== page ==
I don’t really have an answer to this, but since you snuck it in near the bottom I want to point it out as what I think the key is here. We have run into this problem with a local science fair for families. It was put on by a non-science community group, and they hosted a 9/11 conspiracy mech. engineer. Their claim was similar to this attitude, that they are not willing to take editorial stance on the content of what they provide.

    It’s a dangerous attitude, but I don’t know what the history behind this is in the ad world. Companies like Groupon need to have consciences, but when you weigh profits vs. integrity . . . I don’t know how a company makes that call. I only know how science makes it.

    I’ll tell you this, though: “Don’t shoot the messenger” is not a very effective defense.

  9. Constance Reader says:

    Joe H., that’s absurd. By that logic you’d hold every ad copywriter at every newspaper and magazine accountable for every ad they are commissioned to write based on information provided by the customer buying the ad. Don’t hold the plumber accountable for the information he gave the copywriter about his own business, hold the ad writer accountable, unless the plumber pays for a disclaimer that his claims are merely his biased opinion of his own plumbing skills.

  10. Peter Couch says:

    I check http://grouponbot.com more often then I check groupon now.

  11. Paul Raeburn says:

    Interesting, and unfortunate, that most of the discussion has to do with who wrote the darn thing.

    Emily is calling out this solicitation, and she should. The issue here is that this high-tech darling is sending out offers that are nonsense. If you like a foot bath, go for it. But let’s leave the ions and toxin-seeking magnets out of it.

    It’s in Groupon’s interest to clean up its act. If it’s willing to promote ionic foot baths, should we trust the claims in its other offers? Such as that tooth whitening thing?

  12. Constance Reader says:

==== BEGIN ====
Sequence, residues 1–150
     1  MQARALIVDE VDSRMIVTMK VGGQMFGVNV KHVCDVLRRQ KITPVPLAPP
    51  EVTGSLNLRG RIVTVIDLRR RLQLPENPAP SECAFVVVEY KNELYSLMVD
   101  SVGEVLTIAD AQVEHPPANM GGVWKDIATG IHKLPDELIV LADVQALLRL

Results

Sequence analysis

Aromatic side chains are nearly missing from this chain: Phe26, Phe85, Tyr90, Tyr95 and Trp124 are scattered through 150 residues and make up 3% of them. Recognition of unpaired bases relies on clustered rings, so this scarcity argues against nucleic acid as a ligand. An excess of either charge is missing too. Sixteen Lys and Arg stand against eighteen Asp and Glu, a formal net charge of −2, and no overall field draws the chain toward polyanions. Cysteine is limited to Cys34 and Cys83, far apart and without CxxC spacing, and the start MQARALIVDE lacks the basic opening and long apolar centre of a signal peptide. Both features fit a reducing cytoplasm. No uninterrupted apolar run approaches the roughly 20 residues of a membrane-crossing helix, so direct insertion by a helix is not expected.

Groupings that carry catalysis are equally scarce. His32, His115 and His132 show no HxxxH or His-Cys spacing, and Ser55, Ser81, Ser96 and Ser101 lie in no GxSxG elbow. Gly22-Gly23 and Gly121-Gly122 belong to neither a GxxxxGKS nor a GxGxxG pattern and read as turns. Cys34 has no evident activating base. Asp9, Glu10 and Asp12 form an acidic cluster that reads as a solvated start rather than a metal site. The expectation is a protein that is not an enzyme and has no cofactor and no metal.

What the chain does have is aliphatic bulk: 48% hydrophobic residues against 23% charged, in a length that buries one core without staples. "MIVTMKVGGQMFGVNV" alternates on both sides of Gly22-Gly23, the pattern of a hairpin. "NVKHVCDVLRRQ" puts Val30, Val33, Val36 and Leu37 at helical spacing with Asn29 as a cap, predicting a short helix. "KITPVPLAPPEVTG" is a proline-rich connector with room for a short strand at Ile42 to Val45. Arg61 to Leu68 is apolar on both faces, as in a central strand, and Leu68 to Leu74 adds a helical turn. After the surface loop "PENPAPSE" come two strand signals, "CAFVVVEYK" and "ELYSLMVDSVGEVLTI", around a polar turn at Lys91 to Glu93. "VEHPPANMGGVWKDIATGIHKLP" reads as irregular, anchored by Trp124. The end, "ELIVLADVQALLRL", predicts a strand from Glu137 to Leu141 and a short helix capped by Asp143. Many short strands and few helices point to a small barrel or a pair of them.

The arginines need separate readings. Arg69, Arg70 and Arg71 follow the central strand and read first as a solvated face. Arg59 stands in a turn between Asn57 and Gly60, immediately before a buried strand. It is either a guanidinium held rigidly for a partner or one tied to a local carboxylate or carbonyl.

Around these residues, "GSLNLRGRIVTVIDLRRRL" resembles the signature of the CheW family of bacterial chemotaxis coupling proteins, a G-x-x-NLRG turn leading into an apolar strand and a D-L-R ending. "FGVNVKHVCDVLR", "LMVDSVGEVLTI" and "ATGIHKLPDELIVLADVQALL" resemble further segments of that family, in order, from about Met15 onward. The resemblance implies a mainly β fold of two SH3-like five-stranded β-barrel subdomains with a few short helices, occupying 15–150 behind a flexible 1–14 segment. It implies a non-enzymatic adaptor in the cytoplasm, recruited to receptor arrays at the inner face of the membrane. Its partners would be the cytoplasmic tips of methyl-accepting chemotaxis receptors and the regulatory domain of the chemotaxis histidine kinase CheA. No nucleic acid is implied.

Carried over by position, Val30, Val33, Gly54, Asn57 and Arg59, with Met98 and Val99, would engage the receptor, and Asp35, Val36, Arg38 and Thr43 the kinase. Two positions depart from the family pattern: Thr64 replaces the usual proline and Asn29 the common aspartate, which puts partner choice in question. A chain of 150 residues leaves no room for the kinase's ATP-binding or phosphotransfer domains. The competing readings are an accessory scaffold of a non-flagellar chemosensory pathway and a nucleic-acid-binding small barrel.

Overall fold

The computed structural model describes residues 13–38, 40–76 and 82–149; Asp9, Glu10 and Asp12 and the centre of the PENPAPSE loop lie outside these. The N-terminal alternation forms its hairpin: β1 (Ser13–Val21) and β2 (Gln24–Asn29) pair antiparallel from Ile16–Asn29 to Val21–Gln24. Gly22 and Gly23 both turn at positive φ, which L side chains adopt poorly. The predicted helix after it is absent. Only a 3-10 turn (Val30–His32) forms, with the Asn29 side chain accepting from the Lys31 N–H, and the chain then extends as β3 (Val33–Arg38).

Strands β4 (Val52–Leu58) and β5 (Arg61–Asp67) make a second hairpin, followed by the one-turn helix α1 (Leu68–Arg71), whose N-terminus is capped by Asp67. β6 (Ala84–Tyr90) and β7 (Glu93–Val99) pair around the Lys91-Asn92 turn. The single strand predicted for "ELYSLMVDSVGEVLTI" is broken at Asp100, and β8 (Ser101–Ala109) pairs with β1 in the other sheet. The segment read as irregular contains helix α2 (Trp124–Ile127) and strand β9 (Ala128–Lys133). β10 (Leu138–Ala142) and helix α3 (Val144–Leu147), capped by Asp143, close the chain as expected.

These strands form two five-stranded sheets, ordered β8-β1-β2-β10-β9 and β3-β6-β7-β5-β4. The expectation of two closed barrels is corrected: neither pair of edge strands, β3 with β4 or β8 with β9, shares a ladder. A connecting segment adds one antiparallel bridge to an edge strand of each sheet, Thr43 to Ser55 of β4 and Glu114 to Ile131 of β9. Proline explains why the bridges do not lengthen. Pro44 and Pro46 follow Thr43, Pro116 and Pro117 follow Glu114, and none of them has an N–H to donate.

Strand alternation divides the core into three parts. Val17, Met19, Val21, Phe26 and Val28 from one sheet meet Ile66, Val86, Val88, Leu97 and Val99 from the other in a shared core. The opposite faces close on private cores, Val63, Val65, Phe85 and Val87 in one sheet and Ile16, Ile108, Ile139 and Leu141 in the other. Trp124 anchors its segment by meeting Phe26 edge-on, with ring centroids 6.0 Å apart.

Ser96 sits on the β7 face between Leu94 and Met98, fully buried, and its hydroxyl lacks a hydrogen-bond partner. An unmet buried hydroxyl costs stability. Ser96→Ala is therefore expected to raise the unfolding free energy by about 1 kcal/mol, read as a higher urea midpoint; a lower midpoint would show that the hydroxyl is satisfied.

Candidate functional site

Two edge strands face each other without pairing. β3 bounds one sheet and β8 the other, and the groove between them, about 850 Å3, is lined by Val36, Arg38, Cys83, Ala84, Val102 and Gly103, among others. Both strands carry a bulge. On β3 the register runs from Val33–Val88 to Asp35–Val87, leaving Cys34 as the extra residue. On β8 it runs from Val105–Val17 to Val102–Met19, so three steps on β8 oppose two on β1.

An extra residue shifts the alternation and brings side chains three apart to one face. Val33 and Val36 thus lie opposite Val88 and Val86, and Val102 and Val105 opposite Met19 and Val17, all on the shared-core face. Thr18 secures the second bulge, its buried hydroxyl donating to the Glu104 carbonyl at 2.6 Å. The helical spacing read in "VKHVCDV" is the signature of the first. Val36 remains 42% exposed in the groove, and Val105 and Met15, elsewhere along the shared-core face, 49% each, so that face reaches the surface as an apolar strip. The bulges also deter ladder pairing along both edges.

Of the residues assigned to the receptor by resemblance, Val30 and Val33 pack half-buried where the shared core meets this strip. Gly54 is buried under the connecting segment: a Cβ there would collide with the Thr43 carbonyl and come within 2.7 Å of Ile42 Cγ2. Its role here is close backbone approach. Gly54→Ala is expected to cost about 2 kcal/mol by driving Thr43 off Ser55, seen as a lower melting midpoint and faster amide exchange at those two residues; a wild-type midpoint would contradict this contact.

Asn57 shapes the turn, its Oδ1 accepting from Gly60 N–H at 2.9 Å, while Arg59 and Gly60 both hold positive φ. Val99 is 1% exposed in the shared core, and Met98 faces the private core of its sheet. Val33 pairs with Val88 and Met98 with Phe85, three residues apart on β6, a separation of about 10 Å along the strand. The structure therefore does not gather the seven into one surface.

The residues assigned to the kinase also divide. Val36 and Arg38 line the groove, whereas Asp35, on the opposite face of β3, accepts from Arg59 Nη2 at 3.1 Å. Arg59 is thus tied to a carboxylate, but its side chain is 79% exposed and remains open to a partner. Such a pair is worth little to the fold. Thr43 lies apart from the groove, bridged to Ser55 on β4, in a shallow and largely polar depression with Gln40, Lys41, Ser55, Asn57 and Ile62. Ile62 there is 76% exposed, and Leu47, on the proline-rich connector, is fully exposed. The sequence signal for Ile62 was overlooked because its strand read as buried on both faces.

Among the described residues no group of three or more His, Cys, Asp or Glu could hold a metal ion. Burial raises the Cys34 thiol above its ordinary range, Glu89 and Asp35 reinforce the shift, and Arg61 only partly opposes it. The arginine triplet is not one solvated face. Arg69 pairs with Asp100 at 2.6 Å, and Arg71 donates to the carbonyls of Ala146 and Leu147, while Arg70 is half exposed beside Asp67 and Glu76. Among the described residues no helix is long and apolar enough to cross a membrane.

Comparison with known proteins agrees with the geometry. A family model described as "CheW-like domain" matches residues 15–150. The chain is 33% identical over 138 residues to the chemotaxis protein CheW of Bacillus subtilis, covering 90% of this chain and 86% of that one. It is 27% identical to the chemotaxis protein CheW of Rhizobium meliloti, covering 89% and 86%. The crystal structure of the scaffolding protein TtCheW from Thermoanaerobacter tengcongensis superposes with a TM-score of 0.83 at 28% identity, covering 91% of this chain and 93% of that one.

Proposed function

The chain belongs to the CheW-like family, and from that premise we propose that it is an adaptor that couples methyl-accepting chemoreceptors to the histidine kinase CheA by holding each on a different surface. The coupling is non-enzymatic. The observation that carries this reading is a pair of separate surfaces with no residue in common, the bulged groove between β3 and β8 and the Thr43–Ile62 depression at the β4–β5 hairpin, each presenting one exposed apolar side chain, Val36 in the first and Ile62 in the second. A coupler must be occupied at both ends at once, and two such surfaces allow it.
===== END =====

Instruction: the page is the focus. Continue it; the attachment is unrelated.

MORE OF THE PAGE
Again, Raeburn, that is utterly absurd because that same token the New York Times, People Magazine, Rolling Stone (read the ads they run?), Wall Street Journal and every other paid publication in existence must “clean up their act” by refusing to sell ads to…um…legal businesses providing legal services. Because some people do not believe those services are useful. Obviously, many consumers disagree with you, else none of these businesses would exist in the first place.

    The only thing that is in Groupon’s interest is to do exactly what it is already doing — selling ads to businesses who wish to attract customers by offering deals.

    If someone does not like woo, fine, but direct your vitriol toward relevant targets. Such as the practicioners of said woo.

  13. Sarah says:

    Regardless of who wrote the copy, the bigger point is right on the mark. There is an endless stream of articles and advertising touting the idea that we are full of toxins that can be removed by colonics, foot baths and dietary “cleanses”. On the one hand this belief in toxins seems to have deep ties to our western culture’s belief that the body is “bad” and therefore always ready to attack us from within. We must be on guard at all times (note the frequent references to “silent killers” on the covers of women’s magazines). On the other hand, if we are genuinely concerned about toxins in our bodies we would do much better to work to regulate mercury emissions from coal plants, pharmaceutical waste in our water, and other environmental pollutants which do indeed make their way into our bodies, and which can not be removed by a mere foot bath (though I admit foot baths are delicious, colonics not so much!)

  14. karen says:

    I love that ad! It’s hilarious. The writer of the ad isn’t serious – its “tongue in cheek”.

  15. Peter R. Limburg says:

    Constance, please remember that nothing is established as a fact just because large numbers of people believe it. Crowds CAN be wrong, and often are. I’m with Paul Raeburn on this.

  16. Peter R. Limburg says:

    Sarah, you’re right.

  17. Peter R. Limburg says:

    Karen, I think you are being too charitable in your interpretation.

  18. John B says:

    Junk science yes, but Groupon is nothing more than cleaver advertising medium.

  19. Steve White says:

    Groupon is a loser company and should be ashamed of the superbowl tibet ad they ran. It was in bad taste.

    My friends and family, including myself, will never support them unless the CEO and those responsible are fired.